BRIDGES: He's beginning to look like that, it's a very good point. It's -- he made an appointment to head the Department of Children and Families, a man who is a Christian conservative. That will help him with the -- with his base, but the working women, particularly in the I-4 (ph) quarter in central Florida, Tampa Bay region, Orlando, they begin to get nervous when, when they hear those sorts of things.

Nineteen ninety-four, Governor Lawton Chiles successfully defeated Jeb Bush very narrowly because he succeeded in demonizing Jeb Bush, who had been running as a more conservative candidate. Again, particularly working women in the central part of Florida, the I-4 quarter, got nervous and voted for Governor Chiles. In 1998, Lieutenant Governor Buddy McKay was unsuccessful in demonizing Bush.

So I think Bush has given the Democrats an opening with his appointment here of the very conservative head of the Department of Children and Families.

HUNT: Kate?

O'BEIRNE: Tyler, Cuban-American voters in south Florida could have been expected to enthusiastically vote against Janet Reno. Is that an important vote now, a pro-Bush vote, or would a Bill McBride be competitive for Cuban-American voters?

BRIDGES: I think most of them will probably will ultimately vote Republican, but undoubtedly, if McBride is the Democratic nominee, he'll be able to pick up some of those votes, because as you know, Cuban-Americans really do not like Janet Reno.

HUNT: Margaret?

CARLSON: Tyler...

HUNT: Margaret.

CARLSON: ... is -- Tyler, is anger over the 2000 Florida recount going to be a factor in the general election?

BRIDGES: I think that's pretty much gone away. There's only one constituency where it might matter, and that's with African-Americans.

HUNT: Tyler, final question. Did Sharon, General Sharon, the Israeli prime minister, coming to, to, to help Jeb Bush, did it help him?

BRIDGES: You know, he's not coming here. Perhaps Jeb Bush got a bit of a bump with some Jewish voters with the idea that Jeb Bush would have been on the same stage with the prime minister.

HUNT: OK. Thanks for being with us, Tyler.

THE GANG will be back with the Outrages of the Week.

(COMMERCIAL BREAK)

HUNT: Now for the Outrage of the Week.

I first met Lamar Alexander a quarter-century ago. He was a great governor, esteemed university president, secretary of education. He twice lost a quest for the presidency, and then decided winning counted more than character. Bored, he's running for the Senate, and this week charged his opponent, Congressman Bob Clement, with political pandering and scare tactics for holding hearings on problems in veterans' hospitals.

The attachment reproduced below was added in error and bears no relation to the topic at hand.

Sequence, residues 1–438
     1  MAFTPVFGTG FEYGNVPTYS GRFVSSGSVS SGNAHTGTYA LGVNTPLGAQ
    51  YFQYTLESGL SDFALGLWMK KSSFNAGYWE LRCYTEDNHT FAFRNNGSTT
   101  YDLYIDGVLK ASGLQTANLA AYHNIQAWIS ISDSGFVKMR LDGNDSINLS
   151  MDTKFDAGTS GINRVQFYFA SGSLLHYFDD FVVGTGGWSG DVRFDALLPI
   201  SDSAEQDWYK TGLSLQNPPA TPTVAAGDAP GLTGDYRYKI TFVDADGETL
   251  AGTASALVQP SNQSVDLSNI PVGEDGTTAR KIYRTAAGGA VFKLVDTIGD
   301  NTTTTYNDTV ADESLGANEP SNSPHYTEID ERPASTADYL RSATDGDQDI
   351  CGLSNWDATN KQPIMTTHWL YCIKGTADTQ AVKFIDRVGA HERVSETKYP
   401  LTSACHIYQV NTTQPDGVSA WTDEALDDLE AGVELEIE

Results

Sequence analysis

Unlike Alexander, Congressman Clement is a veteran and merely doing, as Republican GOP gubernatorial candidate Van Hillary said, what a congressman should do -- Bob.

NOVAK: Who is the world's most outrageous tyrant inflicting untold misery on his own people? Not Saddam Hussein. The gold medal goes to Robert Mugabe, dictator of Zimbabwe, the former Rhodesia. He has caused the murder of white farmers and confiscation of their land. He has persecuted his black political opponents and rigged his own election.

He's transformed a once-prosperous Rhodesia into a land of poverty and starvation. And not a word of protest from the Congressional Black Caucus, which once was so concerned with blacks in Rhodesia.

HUNT: Kate?

O'BEIRNE: I think there's a tie for the gold, Bob.

HUNT: Close call.

O'BEIRNE: When delegates to the U.N.'s World Summit on Development meeting in South Africa aren't running up huge tabs sipping the best wines in five-star hotels, they're blaming the United States for the ills of the third world. But with 5 percent of the world's population, we produce 25 percent of the world's output, to the enormous benefit of poor nations.

In fact, great progress has been made in nutrition, health, and education, not by repressive socialist regimes, but owing to the American way of free market capitalism.

HUNT: Margaret Carlson.

CARLSON: Al, President Bush has had no time for interviews on Iraq, did take time to reveal to "Runner's World" that he works out just about as long every day as Richard Simmons. The president's happy to be running so much faster since the war. However, he is distressed the White House track is so small.

Quote, "It's one of the saddest things about the presidency," unquote.

Senator Chuck Hagel recently blamed too many John Wayne movies for the administration thinking it can, quote, "drop the 82nd Airborne on Baghdad and finish the job," unquote.

How about too much flexing of the presidential abs?

HUNT: Ooh, Margaret, flexing.

This is Al Hunt saying good night for THE CAPITAL GANG and wishing you all a happy Labor Day.

If you missed any part of our show, you can catch the replay at 11:00 p.m. Eastern, or join Bob Novak in watching it at 4:00 a.m. Eastern time.

Coming up next, "CNN PRESENTS: Sixteen Acres: Ground Zero."